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Gdi Resources
Date: 2/6/2004
The big problem with coding in general is tracking and debugging memory and resources. If you can be sure that an object is allocated and freed correctly, and then not accessed after it's freed you are a long way towards stability.

A long time ago someone mentioned on email that an Lgi application would eventually use up all the GDI resources and either crash or just display everything in black and white.

So I decided to look into this and so I jumped on google and hunted around for some tool to track GDI resources and tell me where the leaks are. Anyway all of them were either too expensive or didn't work so that was a dead end.

Well what self respecting coder can't "roll his own"? So I wrote a little tracker module that redirected all the GDI subsystem allocation and free calls through my own API. And then track the handles being used by the application. This took a few hours but this morning I got the results I needed. Indeed the application was leaking handles. And mostly because I was freeing a HDC before selecting the original brushes and pens back into it.

So now Lgi has an optional module for tracking GDI handles. It works by tracking each handle during runtime, and then dumping out a list of unfreed handles with the file/line number of the allocating source when the program exits using the Visual C++ debug console. Runtime performance is mildly affected but it's still pretty fast, maybe 60% of full speed. Which is still very usable.

I don't think this will affect the general stability of Scribe, but it should mean you can run it for longer and use less resources.

I've also been leak testing the general memory usage as well, and thats showing a lot of improvement. On Linux I was seeing footprint size increases of 80MB an hour or so. Now it's growing by a few MB an hour instead. Still not perfect but a little more reasonable eh!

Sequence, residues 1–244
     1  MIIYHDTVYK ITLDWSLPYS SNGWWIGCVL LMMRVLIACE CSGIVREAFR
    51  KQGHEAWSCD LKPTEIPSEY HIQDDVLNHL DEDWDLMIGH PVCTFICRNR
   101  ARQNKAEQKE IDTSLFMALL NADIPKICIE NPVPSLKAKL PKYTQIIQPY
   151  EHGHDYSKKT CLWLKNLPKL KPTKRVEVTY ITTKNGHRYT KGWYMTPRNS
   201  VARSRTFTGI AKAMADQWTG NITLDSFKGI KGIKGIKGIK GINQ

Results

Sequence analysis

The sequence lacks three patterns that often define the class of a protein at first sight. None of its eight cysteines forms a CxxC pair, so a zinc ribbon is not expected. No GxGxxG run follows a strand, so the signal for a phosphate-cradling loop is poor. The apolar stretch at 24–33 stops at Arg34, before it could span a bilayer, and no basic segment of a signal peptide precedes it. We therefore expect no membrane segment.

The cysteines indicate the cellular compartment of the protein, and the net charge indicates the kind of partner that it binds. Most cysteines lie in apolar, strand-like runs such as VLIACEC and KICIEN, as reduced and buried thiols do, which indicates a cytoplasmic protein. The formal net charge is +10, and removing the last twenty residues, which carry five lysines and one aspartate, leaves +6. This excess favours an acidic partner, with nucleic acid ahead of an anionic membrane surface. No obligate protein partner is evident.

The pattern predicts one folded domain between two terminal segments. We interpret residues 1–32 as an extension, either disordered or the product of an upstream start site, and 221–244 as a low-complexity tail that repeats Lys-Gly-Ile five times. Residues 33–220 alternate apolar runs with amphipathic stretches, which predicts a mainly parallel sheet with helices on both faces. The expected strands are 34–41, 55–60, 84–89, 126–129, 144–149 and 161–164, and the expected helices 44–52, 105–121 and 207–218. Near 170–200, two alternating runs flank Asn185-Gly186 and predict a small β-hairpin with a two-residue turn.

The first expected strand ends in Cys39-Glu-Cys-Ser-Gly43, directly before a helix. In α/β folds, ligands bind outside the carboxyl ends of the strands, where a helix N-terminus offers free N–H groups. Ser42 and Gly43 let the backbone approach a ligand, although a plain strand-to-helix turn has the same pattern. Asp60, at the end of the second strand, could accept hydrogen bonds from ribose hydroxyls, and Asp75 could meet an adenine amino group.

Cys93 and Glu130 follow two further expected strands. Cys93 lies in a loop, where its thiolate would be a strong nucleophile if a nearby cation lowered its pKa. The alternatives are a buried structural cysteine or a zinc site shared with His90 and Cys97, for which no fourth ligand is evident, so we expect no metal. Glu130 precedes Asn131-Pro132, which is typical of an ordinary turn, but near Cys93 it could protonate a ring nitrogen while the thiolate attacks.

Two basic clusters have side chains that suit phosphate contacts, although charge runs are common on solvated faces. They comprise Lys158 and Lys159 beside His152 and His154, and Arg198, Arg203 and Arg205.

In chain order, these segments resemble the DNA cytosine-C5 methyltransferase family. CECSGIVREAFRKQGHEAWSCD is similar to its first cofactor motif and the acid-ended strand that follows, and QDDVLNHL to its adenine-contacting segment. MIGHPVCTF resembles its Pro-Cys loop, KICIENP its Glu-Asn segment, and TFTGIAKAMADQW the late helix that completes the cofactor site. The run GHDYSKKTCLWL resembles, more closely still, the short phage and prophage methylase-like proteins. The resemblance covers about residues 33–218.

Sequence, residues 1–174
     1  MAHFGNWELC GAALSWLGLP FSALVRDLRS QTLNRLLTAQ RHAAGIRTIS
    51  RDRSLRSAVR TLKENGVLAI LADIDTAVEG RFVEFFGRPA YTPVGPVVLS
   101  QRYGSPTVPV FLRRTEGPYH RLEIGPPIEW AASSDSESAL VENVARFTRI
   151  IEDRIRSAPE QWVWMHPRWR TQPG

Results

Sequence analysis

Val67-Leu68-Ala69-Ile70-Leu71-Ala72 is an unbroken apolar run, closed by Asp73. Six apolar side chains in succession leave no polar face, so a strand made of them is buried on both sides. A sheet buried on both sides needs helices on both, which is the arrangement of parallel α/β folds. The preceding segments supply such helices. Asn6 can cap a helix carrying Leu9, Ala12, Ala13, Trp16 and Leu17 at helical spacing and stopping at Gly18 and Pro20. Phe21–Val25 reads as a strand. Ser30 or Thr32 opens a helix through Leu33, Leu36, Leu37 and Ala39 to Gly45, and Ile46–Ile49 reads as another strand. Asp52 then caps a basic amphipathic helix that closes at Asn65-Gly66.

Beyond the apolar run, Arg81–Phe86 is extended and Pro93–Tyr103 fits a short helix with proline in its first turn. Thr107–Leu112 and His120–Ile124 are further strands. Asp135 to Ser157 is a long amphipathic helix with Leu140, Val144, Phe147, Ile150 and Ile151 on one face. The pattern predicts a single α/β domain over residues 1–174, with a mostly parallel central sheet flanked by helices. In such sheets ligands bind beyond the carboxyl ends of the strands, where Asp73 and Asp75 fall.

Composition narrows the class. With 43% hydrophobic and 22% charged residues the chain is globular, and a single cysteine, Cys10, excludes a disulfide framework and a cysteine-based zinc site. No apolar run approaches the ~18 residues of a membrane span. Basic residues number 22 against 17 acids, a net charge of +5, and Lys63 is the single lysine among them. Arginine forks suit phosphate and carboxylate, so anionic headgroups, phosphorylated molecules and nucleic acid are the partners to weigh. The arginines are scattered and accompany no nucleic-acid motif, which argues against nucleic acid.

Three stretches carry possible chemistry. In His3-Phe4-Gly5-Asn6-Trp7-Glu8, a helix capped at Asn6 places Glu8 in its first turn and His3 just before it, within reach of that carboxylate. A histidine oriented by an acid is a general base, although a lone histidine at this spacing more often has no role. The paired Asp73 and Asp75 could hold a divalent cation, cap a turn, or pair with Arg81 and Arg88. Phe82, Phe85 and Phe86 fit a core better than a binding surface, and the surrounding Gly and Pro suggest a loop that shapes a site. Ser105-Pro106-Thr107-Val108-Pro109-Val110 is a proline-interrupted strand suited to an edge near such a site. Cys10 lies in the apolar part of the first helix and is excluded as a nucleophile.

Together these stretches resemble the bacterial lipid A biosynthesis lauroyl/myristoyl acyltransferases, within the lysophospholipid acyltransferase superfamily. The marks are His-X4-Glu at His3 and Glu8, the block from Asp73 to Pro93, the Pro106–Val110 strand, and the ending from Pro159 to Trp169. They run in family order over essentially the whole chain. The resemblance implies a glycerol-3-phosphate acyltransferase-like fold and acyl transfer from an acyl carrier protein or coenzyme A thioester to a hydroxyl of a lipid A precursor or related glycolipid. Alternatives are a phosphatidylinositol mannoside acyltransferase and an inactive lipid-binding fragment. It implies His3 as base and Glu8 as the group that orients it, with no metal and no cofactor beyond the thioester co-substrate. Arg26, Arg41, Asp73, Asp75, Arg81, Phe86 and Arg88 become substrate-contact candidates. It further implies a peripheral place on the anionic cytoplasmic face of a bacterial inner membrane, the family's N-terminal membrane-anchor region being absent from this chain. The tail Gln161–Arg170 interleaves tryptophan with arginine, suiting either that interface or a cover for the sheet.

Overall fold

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BeOS file handle state
Date: 1/6/2004
I'm working on porting the process handler class of Lgi to BeOS and I'm wondering how to get state information out of the file handles that are connected to the stdin and stdout of the process that is spawned by the class. i.e.

int s[2], pid;
if (!(pid = fork()))
	// stdout -> Read

	// setup read & write handles
	execv(Exe, Args);

while (!exited(pid))
	// read from pid's stdout... IF there is data 
	// available. On linux you can use poll
Anyone know an equivilant way to find out whether there is data on the handle to read?

If I can fix this I can get my Ide working on BeOS and be twice as productive. i.e. more BeOS releases sooner.
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Blog UI
Date: 1/6/2004
I've fixed the little calendar on the sidebar to actually have working navigation links. So that you can scroll through historical blog entries.

Yes when I get sick of C++ I play with PHP :)
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i.Ftp ala Linux
Date: 28/5/2004
Yes the unholy trinity is here! i.Ftp on Linux joins the Win32 and BeOS build's to make the first simultaneous release on 3 platforms!

Make your time!
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i.Ftp v1.82.... BeOS-Zeta Release
Date: 27/5/2004
Yes thine eyes do not deceive you, there is a new BeOS binary on MemeCode after all these years. The app that lived first on BeOS r5 now lives again. Behold i.Ftp for BeOS!

And shortly a Linux build will magically appear, completing for the first time in history a tri-platform release for MemeCode. Windows, Linux and BeOS.

Oh happy day!
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Date: 25/5/2004
From the feedback I've been getting it appears that the 100% CPU hang in Scribe has indeed been fixed in the most recent test build. On top of that the other major showstopper: not being able to reliably send to multiple recipients bug also has a possible fix in place. So all in all I'm feeling like I'm getting on top of the bug situation with Scribe and my todo list has a whole lot less critical things on it now than for most of the year.

The hang bug was caused by a incorrect error code returned by windows. Which confused the threading code such that the thread would start executing but the owning object would think that it had failed to start. So you can imagine the sort of confusion that would ensue. I'm learning not to trust the windows error codes the hard way. It seems obvious in hindsight, but everything always is.

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